First, French media draw parallels between Qataris and terrorists espousing their morality on human rights abuses (despite a French firm being tried in a Parisienne court for their complicity in the FIFA stadium construction); in the same vein, a French TV report featuring far-right politician Eric Zemmour discussing the Blackness of the national team and how it was problematic for him saying, “If there were 9 whites in the Senegalese team, the Senegalese would wonder…”
Next up was the issue concerning the alcohol ban in stadiums; quick to condemn Qatar for their ‘religious’ decision, there was a failure to mention that alcohol bans in stadiums are standard practice, including the previous World Cup held in Russia.
FIFA actually had to petition to change Brazilian law to allow alcohol in their stadiums. On the other hand, Qatar did not ban the sale of alcohol in fan zones and other areas outside the stadiums. As such, it is concerning that this news generated so much content and that, for example, the French ban on the hijab during all sports events, which may affect participants in the upcoming Olympics to be held in France in 2024, is going unquestioned.
And while the Moroccan team filled the hearts of Arabs and Africans with pride with their outstanding performance, the Western media completely dehumanised them.
German media accused the players of being Daesh supporters due to the use of a hand gesture commonly used to signify the oneness of God.
One report highlights, “Welt, one of Germany’s most popular TV channels, said the image of the Moroccan players holding their index finger to the air had caused ‘irritation’ because it’s the ‘salute’ the so-called Islamic State (IS) used after conquests. The segment went on to suggest that the Muslim players were unaware of the importance of the upheld index finger.”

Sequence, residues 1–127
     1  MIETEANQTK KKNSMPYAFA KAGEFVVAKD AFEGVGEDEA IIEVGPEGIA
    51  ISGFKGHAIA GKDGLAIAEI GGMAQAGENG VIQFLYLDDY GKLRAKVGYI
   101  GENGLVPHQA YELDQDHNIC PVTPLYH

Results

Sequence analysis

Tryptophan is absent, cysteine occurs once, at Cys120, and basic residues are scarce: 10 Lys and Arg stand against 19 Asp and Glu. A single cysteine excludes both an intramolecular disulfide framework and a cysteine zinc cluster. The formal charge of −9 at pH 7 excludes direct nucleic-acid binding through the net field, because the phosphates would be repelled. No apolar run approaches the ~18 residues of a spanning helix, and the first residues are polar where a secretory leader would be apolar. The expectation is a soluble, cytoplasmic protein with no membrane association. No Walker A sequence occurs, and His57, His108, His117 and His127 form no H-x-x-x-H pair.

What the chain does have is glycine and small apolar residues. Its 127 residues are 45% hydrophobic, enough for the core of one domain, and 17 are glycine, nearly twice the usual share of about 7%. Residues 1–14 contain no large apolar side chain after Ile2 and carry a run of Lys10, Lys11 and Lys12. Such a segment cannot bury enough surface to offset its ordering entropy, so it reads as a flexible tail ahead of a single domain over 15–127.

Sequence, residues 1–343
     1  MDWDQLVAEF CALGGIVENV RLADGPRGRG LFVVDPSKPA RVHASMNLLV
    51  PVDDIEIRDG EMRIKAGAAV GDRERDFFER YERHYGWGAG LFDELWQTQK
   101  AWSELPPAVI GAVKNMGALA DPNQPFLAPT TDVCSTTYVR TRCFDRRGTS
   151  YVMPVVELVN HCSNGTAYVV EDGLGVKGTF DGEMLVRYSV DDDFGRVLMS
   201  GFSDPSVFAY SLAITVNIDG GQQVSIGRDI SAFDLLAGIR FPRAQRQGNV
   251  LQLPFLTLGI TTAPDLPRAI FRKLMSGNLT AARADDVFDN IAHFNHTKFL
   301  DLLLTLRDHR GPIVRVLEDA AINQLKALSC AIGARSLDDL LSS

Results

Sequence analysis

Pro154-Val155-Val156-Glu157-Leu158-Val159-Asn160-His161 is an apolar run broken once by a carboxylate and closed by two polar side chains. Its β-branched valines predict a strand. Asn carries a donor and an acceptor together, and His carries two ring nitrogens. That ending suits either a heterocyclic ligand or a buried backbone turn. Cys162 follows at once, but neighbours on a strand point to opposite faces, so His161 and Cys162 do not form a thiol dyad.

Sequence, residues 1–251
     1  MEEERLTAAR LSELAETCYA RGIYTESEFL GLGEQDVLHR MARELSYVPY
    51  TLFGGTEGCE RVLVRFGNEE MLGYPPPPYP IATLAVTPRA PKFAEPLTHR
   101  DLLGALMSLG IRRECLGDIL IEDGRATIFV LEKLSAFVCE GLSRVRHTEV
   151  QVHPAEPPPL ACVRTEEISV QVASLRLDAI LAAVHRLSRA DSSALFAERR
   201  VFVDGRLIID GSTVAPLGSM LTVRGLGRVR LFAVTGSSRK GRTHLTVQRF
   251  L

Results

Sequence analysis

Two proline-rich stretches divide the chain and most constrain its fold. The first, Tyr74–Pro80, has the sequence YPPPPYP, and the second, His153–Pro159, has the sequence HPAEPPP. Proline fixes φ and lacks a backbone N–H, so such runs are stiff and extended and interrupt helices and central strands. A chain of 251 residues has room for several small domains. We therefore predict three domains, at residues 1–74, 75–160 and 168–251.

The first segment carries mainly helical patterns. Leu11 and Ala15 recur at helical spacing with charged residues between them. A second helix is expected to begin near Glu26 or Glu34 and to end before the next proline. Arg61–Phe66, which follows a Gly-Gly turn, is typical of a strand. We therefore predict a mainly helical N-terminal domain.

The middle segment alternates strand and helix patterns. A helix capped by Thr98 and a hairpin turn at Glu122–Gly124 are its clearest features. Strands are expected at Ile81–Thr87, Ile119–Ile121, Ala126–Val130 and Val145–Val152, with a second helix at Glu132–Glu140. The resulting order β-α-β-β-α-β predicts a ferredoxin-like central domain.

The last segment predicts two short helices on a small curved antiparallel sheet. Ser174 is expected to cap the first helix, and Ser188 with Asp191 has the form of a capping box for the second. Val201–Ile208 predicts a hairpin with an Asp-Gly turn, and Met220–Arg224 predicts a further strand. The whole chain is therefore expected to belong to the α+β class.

They also very ignorantly implied the overwhelming support towards Palestine through the Moroccan team and many fans raising the flag as an anti-semitic gesture. This not only perpetuates the highly taxing myth that supporting a free Palestinian state equals anti-Semitism or the fact that Arabs, as Semitic people, cannot be anti-Semitic but plays into this display of selective humanism and moral superiority. A report from MEE highlights, “This celebration, according to Taz, is punctured by the “antisemitic tinge” of displaying the Palestinian flag.
Another German journalist, Julian Ropcke of Bild newspaper, sparked a backlash by arguing that Moroccan fans faced no problems for holding Palestinian flags and raising pro-Palestinian slogans.
My final point of concern is the Danish media drawing a strange parallel between Moroccan players celebrating their win with their mothers to monkeys huddling up for warmth, to the shock and ire of much of the audience. TV 2 NEWS host Christian Hogh Andersen said, “In continuation of the talk about Morocco (players) and their families in Qatar, we also have an animal family gathering to keep warm,” he said. The host and TV station have since issued unconditional apologies.
Unfortunately, rather than presenting constructive criticism or offering solutions/support, the media, social media and the general Western public felt more comfortable with blind insults and reductive comparisons to make their point.
This World Cup truly did bring to light the fact that cultural tension is growing, and while the European continent battles migrants and refugees bringing their cultures to EU society, it seems they also want to dictate how people should conduct themselves outside of their sovereign territory.
Nadine Sayegh is a multidisciplinary writer and researcher covering the Arab world. She has covered topics including gender in the region, countering violent extremism, the Occupied Palestinian Territories, amongst other social and political issues.